The first responsibility lies with the therapist. At Life Design Centre we understand the importance of creating a safe and nurturing container to hold your grief. We work to understand your story and provide insight and strong support to you as a good father would. We are present, both sensitive and steady in attention. As therapy proceeds, the work we do with you becomes increasingly more collaborative. We work with you to uncover the story of your childhood and what has happened since. We help you identify the strengths you have within. We support you as you map out the paths and places you have traveled to, paying homage and having gratitude for those. At that point, we often challenge you, as the good father would, to find the paths that you have not yet taken and begin the process of taking your own journey into the unknown.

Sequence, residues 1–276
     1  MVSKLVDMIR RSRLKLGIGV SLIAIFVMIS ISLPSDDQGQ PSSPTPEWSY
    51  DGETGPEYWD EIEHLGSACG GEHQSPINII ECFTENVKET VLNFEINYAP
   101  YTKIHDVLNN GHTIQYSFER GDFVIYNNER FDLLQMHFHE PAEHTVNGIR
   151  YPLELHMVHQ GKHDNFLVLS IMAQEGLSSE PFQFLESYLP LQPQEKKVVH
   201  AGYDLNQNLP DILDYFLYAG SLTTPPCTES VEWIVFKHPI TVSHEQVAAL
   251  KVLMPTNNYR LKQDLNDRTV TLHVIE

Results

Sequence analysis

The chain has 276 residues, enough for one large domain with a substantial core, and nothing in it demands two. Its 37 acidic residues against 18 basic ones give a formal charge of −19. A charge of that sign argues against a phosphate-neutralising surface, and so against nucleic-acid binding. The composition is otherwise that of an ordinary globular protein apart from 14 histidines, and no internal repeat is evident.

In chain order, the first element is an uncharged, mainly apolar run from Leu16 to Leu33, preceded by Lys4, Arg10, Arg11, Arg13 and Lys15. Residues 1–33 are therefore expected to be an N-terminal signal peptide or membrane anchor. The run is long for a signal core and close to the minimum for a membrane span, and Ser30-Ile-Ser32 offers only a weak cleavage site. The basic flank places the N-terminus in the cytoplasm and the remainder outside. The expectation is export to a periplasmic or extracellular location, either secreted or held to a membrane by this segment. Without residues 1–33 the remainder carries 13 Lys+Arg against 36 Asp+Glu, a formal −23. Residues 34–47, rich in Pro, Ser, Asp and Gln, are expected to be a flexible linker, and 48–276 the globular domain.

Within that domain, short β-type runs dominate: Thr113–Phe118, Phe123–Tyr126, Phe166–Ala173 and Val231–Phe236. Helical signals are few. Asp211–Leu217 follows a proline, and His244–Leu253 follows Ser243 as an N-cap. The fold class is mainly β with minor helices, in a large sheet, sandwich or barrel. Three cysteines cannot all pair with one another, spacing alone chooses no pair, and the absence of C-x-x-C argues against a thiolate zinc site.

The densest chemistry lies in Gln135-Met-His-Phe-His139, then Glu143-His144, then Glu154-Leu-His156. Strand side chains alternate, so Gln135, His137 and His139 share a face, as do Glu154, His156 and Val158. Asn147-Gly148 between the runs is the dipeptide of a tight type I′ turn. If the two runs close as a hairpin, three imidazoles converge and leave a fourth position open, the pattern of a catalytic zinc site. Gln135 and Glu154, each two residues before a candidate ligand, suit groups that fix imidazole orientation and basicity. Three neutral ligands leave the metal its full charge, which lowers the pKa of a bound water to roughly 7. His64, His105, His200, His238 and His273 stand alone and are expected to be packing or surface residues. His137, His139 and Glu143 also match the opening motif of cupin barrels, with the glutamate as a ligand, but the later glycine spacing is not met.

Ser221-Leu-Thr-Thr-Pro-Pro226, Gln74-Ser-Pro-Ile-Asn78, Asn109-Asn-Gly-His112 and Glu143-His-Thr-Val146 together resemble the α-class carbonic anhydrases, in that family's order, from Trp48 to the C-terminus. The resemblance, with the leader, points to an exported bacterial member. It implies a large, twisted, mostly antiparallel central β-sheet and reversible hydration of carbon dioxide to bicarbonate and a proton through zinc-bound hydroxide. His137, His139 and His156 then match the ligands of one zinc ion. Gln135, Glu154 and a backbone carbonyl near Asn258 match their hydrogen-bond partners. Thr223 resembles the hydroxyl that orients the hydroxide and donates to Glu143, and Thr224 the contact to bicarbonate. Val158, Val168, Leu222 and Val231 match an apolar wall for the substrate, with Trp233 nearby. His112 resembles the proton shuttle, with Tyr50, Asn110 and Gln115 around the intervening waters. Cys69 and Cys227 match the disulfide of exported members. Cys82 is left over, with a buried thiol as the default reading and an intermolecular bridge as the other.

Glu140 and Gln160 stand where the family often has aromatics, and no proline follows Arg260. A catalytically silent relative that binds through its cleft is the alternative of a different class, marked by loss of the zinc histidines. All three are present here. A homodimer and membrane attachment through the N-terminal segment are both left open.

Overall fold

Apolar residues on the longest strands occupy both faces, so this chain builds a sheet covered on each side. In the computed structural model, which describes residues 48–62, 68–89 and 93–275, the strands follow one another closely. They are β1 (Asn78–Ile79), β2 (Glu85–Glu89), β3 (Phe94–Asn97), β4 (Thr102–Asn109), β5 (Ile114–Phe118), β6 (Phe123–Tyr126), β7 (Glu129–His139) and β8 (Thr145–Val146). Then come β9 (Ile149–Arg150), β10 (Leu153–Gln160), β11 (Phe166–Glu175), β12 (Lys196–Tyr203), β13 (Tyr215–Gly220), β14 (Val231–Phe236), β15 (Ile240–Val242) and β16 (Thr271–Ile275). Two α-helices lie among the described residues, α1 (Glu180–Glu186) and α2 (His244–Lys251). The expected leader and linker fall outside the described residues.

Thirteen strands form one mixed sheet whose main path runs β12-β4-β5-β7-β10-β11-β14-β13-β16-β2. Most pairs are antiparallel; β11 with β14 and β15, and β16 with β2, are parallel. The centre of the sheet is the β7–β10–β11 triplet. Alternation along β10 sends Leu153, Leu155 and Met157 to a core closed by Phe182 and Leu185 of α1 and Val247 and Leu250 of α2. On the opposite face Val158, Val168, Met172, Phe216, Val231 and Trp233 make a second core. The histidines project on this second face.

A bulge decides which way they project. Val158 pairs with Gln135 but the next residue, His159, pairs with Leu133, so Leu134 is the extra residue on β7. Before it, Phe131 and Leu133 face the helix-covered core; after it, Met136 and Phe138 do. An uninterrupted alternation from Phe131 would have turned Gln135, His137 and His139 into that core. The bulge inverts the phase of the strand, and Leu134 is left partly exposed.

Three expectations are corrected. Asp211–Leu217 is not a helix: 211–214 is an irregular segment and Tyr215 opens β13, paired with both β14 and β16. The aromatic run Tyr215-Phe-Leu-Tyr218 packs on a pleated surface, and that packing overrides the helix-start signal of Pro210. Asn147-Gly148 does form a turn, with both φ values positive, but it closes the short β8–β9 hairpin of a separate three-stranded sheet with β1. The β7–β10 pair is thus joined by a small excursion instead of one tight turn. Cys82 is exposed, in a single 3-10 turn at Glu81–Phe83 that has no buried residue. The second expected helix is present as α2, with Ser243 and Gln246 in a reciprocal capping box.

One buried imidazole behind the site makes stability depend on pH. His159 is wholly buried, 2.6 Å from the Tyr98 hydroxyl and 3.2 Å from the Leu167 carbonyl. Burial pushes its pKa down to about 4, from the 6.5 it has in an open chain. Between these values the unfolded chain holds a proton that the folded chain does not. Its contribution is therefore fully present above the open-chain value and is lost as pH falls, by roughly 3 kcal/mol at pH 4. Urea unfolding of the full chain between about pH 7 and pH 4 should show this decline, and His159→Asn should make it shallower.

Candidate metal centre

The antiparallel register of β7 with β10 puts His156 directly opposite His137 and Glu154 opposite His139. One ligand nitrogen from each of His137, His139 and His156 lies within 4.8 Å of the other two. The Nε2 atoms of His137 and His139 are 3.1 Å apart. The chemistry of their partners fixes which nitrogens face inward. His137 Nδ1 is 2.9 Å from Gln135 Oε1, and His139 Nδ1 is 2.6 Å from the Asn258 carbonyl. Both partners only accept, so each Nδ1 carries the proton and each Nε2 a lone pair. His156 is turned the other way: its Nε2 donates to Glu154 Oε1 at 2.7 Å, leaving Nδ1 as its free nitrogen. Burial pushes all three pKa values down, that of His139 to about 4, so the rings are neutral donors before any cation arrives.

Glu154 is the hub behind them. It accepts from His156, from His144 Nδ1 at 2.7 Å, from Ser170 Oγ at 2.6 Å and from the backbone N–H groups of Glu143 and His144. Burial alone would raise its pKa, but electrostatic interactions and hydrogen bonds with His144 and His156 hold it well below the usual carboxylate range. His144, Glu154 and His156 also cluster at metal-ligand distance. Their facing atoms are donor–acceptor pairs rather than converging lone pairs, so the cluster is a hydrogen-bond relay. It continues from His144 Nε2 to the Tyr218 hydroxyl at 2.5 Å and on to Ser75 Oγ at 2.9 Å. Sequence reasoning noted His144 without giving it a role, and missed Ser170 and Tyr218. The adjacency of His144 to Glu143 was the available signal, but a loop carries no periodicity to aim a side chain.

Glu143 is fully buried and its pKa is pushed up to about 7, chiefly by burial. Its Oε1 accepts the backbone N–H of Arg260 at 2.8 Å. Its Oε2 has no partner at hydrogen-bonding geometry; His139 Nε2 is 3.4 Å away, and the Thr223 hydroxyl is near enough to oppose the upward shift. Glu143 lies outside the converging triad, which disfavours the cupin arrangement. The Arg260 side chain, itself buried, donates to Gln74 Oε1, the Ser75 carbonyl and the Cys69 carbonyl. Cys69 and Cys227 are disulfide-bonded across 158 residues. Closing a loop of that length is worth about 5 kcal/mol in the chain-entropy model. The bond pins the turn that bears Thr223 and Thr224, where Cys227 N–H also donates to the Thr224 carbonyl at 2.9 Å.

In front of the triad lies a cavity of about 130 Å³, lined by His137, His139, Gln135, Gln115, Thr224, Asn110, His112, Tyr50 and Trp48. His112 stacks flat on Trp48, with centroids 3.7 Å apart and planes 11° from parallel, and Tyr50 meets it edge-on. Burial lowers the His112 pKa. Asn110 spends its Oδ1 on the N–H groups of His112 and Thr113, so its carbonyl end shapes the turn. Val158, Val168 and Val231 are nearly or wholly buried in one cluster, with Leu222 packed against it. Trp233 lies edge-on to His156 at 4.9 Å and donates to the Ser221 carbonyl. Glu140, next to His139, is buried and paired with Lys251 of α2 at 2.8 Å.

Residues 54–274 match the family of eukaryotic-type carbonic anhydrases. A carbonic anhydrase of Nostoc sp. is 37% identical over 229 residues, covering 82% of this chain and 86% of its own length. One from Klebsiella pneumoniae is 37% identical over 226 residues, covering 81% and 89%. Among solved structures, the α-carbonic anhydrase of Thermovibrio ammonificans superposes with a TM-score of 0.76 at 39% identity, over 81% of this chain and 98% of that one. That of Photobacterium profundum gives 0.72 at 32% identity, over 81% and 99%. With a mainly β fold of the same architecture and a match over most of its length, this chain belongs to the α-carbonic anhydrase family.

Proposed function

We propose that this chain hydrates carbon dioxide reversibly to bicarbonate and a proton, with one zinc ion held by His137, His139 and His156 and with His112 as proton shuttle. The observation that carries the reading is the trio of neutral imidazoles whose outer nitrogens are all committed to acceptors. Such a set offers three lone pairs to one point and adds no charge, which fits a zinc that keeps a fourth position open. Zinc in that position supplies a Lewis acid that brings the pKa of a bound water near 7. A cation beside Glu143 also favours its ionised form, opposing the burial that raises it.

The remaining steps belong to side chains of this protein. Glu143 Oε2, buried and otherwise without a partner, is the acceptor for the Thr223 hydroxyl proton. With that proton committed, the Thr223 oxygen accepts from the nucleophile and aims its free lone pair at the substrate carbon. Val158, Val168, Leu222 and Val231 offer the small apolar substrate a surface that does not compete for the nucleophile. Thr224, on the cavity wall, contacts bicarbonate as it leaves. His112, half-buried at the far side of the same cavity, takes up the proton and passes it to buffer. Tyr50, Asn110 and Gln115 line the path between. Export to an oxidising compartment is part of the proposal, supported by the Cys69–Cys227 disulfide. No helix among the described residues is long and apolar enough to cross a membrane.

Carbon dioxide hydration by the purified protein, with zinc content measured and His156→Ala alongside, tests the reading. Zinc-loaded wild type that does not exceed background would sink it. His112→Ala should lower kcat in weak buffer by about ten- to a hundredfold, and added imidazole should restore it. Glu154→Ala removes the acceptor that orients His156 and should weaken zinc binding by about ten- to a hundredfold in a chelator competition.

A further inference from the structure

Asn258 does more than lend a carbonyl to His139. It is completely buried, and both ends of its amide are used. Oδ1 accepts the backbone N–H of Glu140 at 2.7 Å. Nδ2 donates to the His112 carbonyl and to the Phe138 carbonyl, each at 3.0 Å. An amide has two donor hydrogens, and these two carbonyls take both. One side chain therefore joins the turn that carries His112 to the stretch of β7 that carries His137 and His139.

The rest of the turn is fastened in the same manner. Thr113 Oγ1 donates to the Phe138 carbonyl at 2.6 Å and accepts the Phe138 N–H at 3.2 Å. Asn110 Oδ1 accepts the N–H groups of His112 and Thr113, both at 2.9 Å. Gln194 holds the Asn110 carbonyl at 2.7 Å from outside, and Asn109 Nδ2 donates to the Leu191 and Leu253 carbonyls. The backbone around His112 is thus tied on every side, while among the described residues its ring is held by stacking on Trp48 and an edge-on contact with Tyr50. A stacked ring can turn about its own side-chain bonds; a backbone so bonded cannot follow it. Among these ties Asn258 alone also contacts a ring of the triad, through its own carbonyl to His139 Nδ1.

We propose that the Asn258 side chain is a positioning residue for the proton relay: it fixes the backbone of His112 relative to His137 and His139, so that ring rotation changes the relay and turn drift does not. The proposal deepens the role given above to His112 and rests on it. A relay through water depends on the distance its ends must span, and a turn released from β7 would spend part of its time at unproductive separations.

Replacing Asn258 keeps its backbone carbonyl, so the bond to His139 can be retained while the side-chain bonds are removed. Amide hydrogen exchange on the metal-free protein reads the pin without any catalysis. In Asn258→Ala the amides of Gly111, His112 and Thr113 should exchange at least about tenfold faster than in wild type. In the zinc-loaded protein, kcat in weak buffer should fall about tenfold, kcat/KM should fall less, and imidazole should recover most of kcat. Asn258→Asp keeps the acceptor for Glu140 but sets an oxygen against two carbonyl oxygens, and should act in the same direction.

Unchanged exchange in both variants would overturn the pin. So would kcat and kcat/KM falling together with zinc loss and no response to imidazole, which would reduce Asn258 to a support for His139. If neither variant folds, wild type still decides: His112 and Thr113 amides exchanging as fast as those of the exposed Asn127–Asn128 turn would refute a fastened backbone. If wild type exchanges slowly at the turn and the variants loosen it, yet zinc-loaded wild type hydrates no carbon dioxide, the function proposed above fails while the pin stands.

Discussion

This is the most important moment: When you identify the path that you might have taken but have not yet. Finding this new path is at the essence of the work you will do at Life Design Centre. Working with us, you will learn how to manifest that new direction in your life, through action, insight, and intention. This work is a shared effort: We may catalyze the process for you, but the effort must become joined in order for true healing, completion, and moving forward. Eventually, as you become steady on your new journey, the therapeutic relationship shifts. The therapist takes on a new role, like the good father takes on a new role, with you now having the strength to walk more independently and even help others find their own way. Through therapy, the gifts that were not given by the father are rediscovered in the self.

Del Mar | West Los Angeles | 877.361.2551 | info@lifedesigncentre.com